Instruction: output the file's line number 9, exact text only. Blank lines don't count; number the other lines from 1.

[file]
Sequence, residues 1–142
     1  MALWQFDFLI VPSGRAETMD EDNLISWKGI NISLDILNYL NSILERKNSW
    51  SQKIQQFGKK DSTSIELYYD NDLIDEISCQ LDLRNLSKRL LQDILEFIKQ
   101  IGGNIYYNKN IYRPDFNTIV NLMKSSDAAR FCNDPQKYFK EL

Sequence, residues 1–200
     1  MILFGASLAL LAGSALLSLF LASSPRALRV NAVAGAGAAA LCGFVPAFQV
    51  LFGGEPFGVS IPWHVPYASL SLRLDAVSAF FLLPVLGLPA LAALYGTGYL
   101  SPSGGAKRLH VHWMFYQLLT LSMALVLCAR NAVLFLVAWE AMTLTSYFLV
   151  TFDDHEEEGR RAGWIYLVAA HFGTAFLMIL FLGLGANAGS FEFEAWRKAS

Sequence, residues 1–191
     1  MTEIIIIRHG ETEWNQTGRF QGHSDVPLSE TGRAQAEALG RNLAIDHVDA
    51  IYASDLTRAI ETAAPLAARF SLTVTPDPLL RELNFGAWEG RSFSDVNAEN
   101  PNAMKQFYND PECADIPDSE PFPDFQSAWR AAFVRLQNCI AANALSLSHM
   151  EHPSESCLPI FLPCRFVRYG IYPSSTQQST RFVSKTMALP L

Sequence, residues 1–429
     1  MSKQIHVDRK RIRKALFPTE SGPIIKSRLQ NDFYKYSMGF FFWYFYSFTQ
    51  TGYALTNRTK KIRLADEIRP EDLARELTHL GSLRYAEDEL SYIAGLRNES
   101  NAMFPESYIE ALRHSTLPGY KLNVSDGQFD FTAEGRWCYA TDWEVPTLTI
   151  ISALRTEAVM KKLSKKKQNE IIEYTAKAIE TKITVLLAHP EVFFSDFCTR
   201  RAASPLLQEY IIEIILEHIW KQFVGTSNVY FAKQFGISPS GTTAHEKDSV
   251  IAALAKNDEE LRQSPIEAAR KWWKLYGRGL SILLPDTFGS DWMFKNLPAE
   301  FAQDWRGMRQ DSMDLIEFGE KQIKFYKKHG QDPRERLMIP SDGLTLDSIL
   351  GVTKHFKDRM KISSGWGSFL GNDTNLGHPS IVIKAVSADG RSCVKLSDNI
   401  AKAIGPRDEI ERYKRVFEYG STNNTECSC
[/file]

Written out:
   151  TFDDHEEEGR RAGWIYLVAA HFGTAFLMIL FLGLGANAGS FEFEAWRKAS